Richard J. McDonald: San Francisco Abstract Expressionist Artist
During WWII in Pearl Harbor Richard served in the Navy as a medic and artist illustrating surgical manuals. When the war ended he attended the California School of Fine Arts (now the Art Institute) in San Francisco for four years. There he belonged to the School of Post World War II Abstract Expressionist Art. This school was composed of war veterans who rejected all forms of conventional art (most likely the result of what they saw in war). Their painting was driven by the desire to freely express their inward spirit, without being restricted by any rules or conventions.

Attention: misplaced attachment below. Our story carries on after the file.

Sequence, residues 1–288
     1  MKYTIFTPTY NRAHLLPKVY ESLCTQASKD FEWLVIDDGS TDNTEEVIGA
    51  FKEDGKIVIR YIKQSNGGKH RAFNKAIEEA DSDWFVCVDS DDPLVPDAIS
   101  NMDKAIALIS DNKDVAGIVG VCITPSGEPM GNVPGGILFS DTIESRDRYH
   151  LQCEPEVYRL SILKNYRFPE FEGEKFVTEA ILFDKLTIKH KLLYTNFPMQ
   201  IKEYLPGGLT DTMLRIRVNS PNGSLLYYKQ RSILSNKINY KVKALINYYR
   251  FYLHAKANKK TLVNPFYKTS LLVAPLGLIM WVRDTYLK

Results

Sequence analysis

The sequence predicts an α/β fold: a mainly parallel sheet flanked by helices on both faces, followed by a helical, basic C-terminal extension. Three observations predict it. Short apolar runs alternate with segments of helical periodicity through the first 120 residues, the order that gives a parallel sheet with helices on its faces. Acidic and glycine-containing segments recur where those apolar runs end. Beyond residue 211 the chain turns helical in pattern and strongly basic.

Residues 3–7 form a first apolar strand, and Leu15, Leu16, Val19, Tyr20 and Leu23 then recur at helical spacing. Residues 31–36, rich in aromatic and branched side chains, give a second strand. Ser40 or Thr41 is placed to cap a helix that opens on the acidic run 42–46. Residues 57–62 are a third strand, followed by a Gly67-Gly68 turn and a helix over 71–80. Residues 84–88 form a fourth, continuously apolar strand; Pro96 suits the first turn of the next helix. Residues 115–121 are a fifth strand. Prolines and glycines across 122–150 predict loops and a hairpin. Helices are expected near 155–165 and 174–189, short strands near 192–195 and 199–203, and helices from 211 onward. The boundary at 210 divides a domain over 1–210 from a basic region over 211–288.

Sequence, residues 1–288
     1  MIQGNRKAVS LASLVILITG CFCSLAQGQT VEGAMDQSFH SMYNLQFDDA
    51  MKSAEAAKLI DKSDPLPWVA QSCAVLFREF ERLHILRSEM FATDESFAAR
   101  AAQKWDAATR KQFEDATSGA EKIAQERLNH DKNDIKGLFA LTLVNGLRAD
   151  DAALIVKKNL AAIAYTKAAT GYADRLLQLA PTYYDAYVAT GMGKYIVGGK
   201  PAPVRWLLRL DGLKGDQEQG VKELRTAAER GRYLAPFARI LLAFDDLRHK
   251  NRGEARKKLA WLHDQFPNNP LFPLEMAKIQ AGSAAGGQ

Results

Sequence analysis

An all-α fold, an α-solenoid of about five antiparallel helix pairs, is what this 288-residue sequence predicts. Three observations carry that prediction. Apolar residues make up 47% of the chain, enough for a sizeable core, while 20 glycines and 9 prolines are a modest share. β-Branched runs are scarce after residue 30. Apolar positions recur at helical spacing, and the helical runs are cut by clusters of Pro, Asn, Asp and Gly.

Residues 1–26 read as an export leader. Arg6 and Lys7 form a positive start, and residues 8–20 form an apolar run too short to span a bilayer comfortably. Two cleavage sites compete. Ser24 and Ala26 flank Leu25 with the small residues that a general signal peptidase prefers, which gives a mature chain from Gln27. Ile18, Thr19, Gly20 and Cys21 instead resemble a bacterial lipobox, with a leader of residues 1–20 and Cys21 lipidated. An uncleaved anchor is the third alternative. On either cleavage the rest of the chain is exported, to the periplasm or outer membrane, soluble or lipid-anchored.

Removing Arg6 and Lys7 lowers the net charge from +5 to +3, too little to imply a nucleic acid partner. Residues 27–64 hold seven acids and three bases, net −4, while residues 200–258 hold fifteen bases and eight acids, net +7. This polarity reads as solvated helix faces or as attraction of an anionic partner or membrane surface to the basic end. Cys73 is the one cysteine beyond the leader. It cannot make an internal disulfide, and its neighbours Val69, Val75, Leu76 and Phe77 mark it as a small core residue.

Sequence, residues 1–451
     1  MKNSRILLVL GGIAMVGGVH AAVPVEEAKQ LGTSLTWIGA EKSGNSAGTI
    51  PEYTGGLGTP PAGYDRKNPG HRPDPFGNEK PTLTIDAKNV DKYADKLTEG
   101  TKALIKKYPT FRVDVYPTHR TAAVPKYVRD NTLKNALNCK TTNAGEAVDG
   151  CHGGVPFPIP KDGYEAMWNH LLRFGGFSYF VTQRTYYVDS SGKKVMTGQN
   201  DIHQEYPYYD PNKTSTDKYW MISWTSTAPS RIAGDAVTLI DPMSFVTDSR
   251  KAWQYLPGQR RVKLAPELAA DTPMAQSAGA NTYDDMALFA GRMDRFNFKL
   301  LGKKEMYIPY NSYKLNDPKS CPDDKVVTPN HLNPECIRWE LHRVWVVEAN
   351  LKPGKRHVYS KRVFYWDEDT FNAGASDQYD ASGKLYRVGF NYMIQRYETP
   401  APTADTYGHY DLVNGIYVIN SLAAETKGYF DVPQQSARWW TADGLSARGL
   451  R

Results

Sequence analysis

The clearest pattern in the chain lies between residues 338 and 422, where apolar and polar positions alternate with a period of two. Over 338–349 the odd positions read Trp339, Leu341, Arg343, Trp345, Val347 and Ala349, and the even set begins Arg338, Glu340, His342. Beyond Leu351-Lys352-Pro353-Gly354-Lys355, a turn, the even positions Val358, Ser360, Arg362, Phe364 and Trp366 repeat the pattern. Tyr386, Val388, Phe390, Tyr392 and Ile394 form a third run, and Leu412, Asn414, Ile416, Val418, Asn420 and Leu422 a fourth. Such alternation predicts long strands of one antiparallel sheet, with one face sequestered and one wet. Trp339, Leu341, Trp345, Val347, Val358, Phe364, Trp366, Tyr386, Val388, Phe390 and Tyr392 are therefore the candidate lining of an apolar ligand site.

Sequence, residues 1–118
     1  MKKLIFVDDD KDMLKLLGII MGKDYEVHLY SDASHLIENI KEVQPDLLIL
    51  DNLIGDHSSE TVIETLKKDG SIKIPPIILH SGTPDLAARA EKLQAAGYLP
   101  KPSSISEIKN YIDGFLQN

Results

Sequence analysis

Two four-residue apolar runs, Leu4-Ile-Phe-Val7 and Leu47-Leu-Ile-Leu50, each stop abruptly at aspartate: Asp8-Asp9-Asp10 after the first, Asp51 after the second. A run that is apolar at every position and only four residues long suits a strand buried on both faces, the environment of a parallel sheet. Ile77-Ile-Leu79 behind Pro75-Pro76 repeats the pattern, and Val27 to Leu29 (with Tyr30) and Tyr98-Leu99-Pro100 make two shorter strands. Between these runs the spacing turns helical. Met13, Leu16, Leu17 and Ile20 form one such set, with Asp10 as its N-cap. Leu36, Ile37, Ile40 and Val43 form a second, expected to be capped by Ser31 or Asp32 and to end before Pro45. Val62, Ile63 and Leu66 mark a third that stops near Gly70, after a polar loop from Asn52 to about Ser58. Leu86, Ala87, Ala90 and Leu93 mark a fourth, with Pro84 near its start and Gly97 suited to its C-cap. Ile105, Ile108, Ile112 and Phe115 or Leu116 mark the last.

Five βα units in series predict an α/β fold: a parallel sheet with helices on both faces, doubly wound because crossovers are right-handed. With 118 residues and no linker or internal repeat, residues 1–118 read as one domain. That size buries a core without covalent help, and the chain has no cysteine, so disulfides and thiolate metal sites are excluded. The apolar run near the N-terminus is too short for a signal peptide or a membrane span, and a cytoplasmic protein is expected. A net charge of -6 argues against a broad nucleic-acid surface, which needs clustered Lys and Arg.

Richard went to Paris right after he graduated in 1950 where he was honored with great reviews from art critics for his show there. He met many wonderful people in Paris, but the one who stands out the most is Pablo Picasso. He mostly remembers his intensive dark eyes and gentleness. He was with him at the Louvre museum when he showed his small drawings.
Richard is the last survivor of this unique school. At 90 years old he is still painting. Richard does not have time to do art shows because of his devotion to his work, but he wants everyone to see his work here.
"A thing of beauty is a joy forever." -- John Keats. Hoping you'll find my paintings a joy to look at,
Richard J. McDonald